If we think of ‘life as a story’ there has to be a turning point. In fiction, this is usually a reversal of fortunes which has subsequent consequences. It must be believable that the event could happen to the character, and yet must alter the course of events initially set up in the story. Aristotle calls this ’turning point’ device ‘peripeteia’ (and in modern Greek this means ‘adventure’) so it is not surprising that so many of our own personal stories lead us to something that feels like a reversal to some of us, and it is equally unsurprising that we identify with the story of the Buddha’s own journey.

It strikes me, as I write this, that my own discomfiture at the content of the reading for term one, which draws to a close now, has been transformed by the practice of this ‘talking the Dharma’. As I read over the material I remember thinking week by week that the content was a bit badly written and weak, and that it was frustrating that it was neither a primary text nor a high culture secondary one. I suppose I wanted it to be more like ’study’. Now that I look at it again, immediately, I am drawn in, within a couple of paragraphs, because having ’talked the Dharma’ I now know something of what is meant by this rather self effacing phrase, and the weight of what is being said in the text feels more centred and real to me, rather than being ’just’ a rather long passage of writing which I was not sure of.

I would also like to go back to this idea of what is a cult, and talk a little bit about the idea of not being so heavily invested in opinion. It could appear that dropping strong opinion is the opposite of what I have said about cultivating and maintaining a strong moment by moment awareness, and yet the way that I experience it is that I am not without opinion, but now I am more interested in experience than opinion, and that actually opinion itself is a little addictive and about developing or projecting something which in this culture is highly valued - a strong personality. Meanwhile, it seems that in Buddhism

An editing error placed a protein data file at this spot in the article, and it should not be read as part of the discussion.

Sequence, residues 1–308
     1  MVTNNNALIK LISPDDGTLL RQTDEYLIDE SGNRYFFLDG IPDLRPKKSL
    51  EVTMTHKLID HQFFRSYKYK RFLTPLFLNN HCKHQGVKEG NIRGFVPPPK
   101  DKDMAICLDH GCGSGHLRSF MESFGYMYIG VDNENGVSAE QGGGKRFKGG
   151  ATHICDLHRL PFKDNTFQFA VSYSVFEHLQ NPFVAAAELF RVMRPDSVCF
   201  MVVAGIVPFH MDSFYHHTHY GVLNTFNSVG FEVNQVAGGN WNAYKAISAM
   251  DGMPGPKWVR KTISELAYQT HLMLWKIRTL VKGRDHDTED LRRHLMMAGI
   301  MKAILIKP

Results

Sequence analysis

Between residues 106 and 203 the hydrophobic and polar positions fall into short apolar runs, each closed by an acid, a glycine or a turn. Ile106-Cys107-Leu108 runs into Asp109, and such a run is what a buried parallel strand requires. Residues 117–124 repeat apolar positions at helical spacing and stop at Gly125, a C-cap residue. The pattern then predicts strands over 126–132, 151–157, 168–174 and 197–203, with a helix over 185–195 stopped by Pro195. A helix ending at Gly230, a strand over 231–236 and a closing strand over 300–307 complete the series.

personality itself is a contested field and something to soften on rather than to build up. In what way is this not in danger of being cultish, I wonder? I think what might be helpful to ask is; What if we apply Arendt’s version of doubt and suspend our strong belief in personality and wonder if perhaps the cult of personality is not worth questioning itself?

My project, here, has been to describe something of what it is like to begin this journey. In Mitra Studies, we have had many conversations over the past ten weeks or so, some of them rambling, all of them valuable. This has been consciousness raising within a working and workable framework, and I can feel myself growing in a different way than I have done in other kinds of study.

There is an interest in sociology, in a Marxist construction called ’cultural reproduction’. It is a simple idea with extensive application, and it is relevant to the thoughts I started with here. Marx says that within any culture that is able to continue there are the means to reproduce that culture, and that this is as true in human cultural forms as it is in nature. The theorists who have talked about this have used various metaphors to describe how this works, but in short, the point is that if you create a social group where the rules are hard and fast and questioning is discouraged or punished then you create the conditions for homogeneity, or the culture of sameness, which can ultimately become fascist. Meanwhile, if you create a system within which questioning and difference can be contained as part of that system then you create conditions under which difference is as it is, (and this is called, for the sake of comparison, ‘heterogenic’ - the metaphors are borrowed from science). In either instance, the conditions for this reproduction must be maintained for that culture to be reproduced.

I suspect that I would not be as interested in Buddhism if I were not in a modernised Sangha, but as it stands, my own journey has taken me towards and into the FWBO and my experience of it has been both of gentleness and strength in a form which I am able to comprehend, respect, and grow within.